svn commit: r264696 - head/lib/libc/arm/gen

Bruce Evans brde at
Sun Apr 20 18:25:50 UTC 2014

On Sun, 20 Apr 2014, Andrew Turner wrote:

> Log:
>  Add the deprecated fp{get,set}* functions, a few ports use them.
> Added:
>  head/lib/libc/arm/gen/fpgetmask.c   (contents, props changed)
>  head/lib/libc/arm/gen/fpgetround.c   (contents, props changed)
>  head/lib/libc/arm/gen/fpgetsticky.c   (contents, props changed)
>  head/lib/libc/arm/gen/fpsetmask.c   (contents, props changed)
>  head/lib/libc/arm/gen/fpsetround.c   (contents, props changed)
>  head/lib/libc/arm/gen/fpsetsticky.c   (contents, props changed)

These obsolete i386 APIs are hard to kill.  They keep coming back for
new arches.  I don't see how most of them can even be used on those
of the new arches including arm where they are not declared in any
header.  They used to be declared in an opt-out way in <ieeefp.h>, but
preparation for killing them in ~2008 removed the declarations there.
The declarations are now opt-in in <machine/ieeefp.h>.  Many arches
are now broken by having a different set of declarations than what they

Perhaps it is not broken to have no declarations, but this is unclear,
and in amd64 there is a declaration for an unimplemented function.
These functions in libc but not declared in any header are supposed
to be for binary compatibility only.  Soft-float already has these
mistakes, but binary compatibility of hard-float with mistakes in
soft-float shouldn't be needed.

> Added: head/lib/libc/arm/gen/fpsetsticky.c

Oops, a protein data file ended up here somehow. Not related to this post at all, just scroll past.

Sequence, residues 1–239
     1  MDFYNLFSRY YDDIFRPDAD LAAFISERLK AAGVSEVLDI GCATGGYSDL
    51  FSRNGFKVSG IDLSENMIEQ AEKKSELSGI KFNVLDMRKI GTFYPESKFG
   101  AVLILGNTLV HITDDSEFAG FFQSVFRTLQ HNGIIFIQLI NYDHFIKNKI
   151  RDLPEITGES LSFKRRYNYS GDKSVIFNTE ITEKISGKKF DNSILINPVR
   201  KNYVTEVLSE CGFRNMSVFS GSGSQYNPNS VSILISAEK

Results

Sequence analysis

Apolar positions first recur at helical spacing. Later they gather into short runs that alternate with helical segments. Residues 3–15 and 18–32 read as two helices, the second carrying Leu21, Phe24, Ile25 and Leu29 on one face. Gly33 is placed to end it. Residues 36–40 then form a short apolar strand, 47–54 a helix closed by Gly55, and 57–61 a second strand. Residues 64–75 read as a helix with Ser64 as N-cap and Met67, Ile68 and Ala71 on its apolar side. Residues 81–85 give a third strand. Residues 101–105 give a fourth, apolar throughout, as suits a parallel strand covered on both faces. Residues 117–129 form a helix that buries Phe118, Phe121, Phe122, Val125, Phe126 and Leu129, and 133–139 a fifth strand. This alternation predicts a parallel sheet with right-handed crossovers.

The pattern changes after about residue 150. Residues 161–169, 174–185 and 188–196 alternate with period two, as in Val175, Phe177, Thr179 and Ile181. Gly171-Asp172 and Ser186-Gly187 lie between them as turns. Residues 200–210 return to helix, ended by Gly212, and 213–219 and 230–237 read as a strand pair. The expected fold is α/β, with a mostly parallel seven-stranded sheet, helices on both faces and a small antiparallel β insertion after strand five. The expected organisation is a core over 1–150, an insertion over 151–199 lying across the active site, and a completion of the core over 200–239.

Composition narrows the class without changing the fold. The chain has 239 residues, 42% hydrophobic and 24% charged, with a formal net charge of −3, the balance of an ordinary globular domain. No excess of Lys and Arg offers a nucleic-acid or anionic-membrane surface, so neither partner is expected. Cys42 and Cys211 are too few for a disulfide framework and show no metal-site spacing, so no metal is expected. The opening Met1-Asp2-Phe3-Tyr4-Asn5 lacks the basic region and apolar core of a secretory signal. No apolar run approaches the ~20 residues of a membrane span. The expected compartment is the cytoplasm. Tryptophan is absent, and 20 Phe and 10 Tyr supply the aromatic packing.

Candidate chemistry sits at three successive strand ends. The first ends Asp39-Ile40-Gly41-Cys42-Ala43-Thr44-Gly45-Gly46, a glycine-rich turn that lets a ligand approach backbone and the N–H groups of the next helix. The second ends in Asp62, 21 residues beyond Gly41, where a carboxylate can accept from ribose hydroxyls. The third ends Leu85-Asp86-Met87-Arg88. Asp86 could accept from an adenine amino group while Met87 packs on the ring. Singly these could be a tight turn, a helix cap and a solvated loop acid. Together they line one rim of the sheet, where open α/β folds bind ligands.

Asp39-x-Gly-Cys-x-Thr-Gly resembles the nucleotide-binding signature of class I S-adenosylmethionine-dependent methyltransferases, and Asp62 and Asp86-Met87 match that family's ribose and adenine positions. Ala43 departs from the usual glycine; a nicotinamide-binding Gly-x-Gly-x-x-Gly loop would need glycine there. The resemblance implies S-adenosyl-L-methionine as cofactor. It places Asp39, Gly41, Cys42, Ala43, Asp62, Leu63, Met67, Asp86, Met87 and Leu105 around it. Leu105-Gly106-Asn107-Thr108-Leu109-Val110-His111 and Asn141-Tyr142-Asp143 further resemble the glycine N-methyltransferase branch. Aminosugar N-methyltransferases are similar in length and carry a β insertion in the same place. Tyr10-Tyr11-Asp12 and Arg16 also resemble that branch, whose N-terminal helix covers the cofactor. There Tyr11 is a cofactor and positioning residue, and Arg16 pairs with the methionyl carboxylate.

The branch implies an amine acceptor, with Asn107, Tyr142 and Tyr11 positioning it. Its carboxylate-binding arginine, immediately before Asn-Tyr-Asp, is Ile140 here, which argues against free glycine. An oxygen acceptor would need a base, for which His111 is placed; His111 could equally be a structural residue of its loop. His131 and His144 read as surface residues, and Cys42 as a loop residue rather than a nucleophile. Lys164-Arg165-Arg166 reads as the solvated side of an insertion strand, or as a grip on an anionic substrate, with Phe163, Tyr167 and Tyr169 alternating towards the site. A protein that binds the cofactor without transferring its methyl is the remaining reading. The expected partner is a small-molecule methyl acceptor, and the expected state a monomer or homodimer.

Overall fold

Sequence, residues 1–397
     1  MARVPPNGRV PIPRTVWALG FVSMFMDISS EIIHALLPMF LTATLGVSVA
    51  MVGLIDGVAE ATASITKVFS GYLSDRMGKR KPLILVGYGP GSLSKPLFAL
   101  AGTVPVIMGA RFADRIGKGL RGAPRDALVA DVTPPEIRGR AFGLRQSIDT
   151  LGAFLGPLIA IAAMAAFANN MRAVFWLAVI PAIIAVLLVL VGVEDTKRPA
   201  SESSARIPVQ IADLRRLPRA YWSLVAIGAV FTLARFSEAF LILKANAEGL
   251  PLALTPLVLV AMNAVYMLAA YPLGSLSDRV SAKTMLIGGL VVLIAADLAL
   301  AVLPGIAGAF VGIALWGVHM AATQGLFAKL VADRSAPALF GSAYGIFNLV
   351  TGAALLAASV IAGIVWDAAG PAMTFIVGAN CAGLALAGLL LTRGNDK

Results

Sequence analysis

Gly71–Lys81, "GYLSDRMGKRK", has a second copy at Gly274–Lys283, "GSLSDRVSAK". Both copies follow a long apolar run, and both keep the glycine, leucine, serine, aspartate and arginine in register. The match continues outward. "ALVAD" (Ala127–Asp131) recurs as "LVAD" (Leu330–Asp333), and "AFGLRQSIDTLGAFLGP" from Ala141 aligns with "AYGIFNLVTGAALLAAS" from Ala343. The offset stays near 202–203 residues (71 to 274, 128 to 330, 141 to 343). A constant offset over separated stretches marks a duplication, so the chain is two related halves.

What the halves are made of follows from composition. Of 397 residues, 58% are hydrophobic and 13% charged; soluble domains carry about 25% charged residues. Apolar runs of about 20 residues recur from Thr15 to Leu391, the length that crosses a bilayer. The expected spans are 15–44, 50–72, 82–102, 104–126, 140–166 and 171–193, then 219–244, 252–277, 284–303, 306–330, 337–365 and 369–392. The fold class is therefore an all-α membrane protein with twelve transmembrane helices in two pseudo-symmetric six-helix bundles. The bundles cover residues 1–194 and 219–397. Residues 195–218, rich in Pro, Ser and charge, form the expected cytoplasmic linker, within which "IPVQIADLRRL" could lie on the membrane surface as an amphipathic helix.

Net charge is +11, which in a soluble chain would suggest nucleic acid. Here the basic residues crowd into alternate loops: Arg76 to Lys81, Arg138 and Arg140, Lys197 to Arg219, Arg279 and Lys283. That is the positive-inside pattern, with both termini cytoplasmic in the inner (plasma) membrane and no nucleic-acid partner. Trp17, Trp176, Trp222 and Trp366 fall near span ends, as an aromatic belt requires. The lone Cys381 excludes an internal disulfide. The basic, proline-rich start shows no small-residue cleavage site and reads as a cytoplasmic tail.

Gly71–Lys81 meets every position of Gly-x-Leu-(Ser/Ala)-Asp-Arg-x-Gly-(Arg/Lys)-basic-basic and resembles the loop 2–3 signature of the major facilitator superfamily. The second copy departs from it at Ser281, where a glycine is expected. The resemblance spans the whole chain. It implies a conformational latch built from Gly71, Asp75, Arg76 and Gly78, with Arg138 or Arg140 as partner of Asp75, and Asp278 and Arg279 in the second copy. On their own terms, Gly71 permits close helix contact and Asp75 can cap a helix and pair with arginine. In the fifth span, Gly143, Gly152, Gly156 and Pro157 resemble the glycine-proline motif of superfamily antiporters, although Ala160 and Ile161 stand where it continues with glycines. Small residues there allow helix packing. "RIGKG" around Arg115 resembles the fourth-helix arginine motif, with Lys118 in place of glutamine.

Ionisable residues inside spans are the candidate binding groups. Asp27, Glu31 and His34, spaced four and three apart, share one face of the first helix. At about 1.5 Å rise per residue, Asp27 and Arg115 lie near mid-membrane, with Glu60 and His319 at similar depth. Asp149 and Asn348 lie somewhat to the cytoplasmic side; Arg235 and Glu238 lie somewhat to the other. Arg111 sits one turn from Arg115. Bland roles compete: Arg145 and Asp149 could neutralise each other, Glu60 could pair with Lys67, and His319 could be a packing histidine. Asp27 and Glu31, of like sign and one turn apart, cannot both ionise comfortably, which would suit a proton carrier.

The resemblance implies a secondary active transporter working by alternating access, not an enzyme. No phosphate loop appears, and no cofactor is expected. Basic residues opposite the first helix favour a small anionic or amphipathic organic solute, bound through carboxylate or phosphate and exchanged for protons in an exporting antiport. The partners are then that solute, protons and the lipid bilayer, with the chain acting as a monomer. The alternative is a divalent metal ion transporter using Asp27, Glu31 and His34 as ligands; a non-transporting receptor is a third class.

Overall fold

> +#ifdef __weak_alias
> +__weak_alias(fpsetsticky,_fpsetsticky)

This seems to be backwards.  It aliases the non-polluting name to the
polluting name.  There is no need for a non-polluting name if the
polluting one is unavoidable.  All libc code for fp* aliases has the
same bug (mips/hardfloat, softfloat).

The pollution is smaller for some private (sic) public symbols in shared
libraries, but this public symbol is exported.  Even private public
symbols need underscores for the static case.

> +#endif
> +
> +#define FP_X_MASK	(FP_X_INV | FP_X_DZ | FP_X_OFL | FP_X_UFL | FP_X_IMP)

Style bug (space insted of tab).

> ...
> +fp_except
> +fpsetsticky(fp_except except)
> +{
> +	fp_except old, new;
> +
> +	__asm __volatile("vmrs %0, fpscr" : "=&r"(old));
> +	new = old & ~(FP_X_MASK);

Style bug (bogus parentheses).

> +	new &= ~except;
> +	__asm __volatile("vmsr fpscr, %0" : : "r"(new));
> +

Style bug (extra blank line).

> +	return (old & except);
> +}

fpsetsticky() and fpresetsticky() are especially bogus and not needed for
new arches.  There is considerable confusion about their name, and some